Part 2…Most awe inspiring tour yet in Southeast Asia…Cu Chi Tunnel…Tom’s brave although short exposure to the tunnels…

Tom is sitting at the table in a meeting room bunker with several mannequins and two other passengers standing behind him.

As mentioned in a prior post, we’re continuing to include photos and stories (when applicable) from our cruise/tour to Vietnam. Earlier we’d posted photos from Hanoi, Vietnam, and a few areas in Cambodia.

Two Russian MIGs which was used by the North Vietnam Air Force.

The bulk of the photos we have yet to share are from Vietnam during the roughly 11 days we spent in the exotic country. We both agreed we could hardly jump to Phuket, Thailand now, leaving this important information behind.

US Huey helicopter.

As for Phuket, thus far we’re becoming adapted to yet another house in a foreign land. Nuances such as finding outlets that work for our adapters, location of light switches which is very different from country to country (in other words, walk into a room and there’s no light switch nearby upon entering) figuring out TV systems and remotes, turning on the oven (never a simple turn of a dial or two) is all a part of the process.

Rocket launchers on helicopters.

This house has eight doors we need to lock at night. Much to our delight and surprise, there are screens on the six sliding doors, causing free air to flow through the house each day.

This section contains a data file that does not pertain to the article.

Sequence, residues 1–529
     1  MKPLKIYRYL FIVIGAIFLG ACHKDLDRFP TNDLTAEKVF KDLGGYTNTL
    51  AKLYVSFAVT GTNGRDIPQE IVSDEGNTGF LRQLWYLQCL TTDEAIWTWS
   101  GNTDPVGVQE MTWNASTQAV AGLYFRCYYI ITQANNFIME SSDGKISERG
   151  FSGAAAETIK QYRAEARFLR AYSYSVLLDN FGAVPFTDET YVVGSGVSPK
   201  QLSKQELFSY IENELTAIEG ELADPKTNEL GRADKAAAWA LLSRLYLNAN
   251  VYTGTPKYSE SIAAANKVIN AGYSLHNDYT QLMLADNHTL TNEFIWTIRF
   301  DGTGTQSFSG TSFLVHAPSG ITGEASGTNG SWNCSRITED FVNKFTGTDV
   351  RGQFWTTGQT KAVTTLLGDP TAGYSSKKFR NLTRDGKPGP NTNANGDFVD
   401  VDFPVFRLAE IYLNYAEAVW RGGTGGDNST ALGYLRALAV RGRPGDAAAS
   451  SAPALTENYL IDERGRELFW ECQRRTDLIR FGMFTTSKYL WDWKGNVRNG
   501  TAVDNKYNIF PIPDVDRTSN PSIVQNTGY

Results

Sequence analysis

One can only imagine how dangerous it was flying these helicopters during the war.

Each area of the house has an air-con unit, but in an effort to be mindful of power usage, so far we’ve only used the one in the bedroom at night along with the overhead fan. It’s hot and humid here, so much so that in our old lives in the US we’d have had whole-house air-con on day and night. 

US artillery pieces and two jeeps.

We sweat it out in 85% to 90% humidity which is uncomfortable at any higher temps. With a floor fan that doesn’t quite reach us (due to lack of outlets), with an overhead fan in a vaulted ceiling, the breeze is minimal. 

Viet Cong hammock with a tarp.

Overall, we’re managing fine. Last night we made our first meal in months, roasted chicken parts, green beans, and salad with a cheese plate for dessert. We made enough chicken for two nights.  All we’ll need to prepare for tonight is the salad and green beans. 

US  rocket launchers and cluster bombs.

Tom will assist me in the chopping and dicing. Bending over the short countertops in brutal at this point, but is often an issue when in most countries the population is much shorter than we are and countertops are made to accommodate their stature, not ours.

Above ground table and benches for dining or meeting.

The house is lovely, well maintained with nary a worn or old amenity. There’s no dishwasher, clothes dryer, large pans, or mixing bowls, but we found a two-liter pitcher for our iced tea and there’s an electric drip coffee pot. 

Horrifying bamboo spikes in ground booby traps. 

There was no ground coffee at the market (only instant which we don’t like) with only ground espresso. Each day we’re testing using different amounts to correct the flavor to our taste.

Another view of a booby trap.

Included in the rent is a house cleaner every Wednesday and Saturday. We passed on yesterday’s cleaning since we’d arrived the prior night and didn’t need it. We’ll keep it tidy in the interim, as we always do.

Surgery bunker sign. Can we even imagine how dangerous surgery was at this location?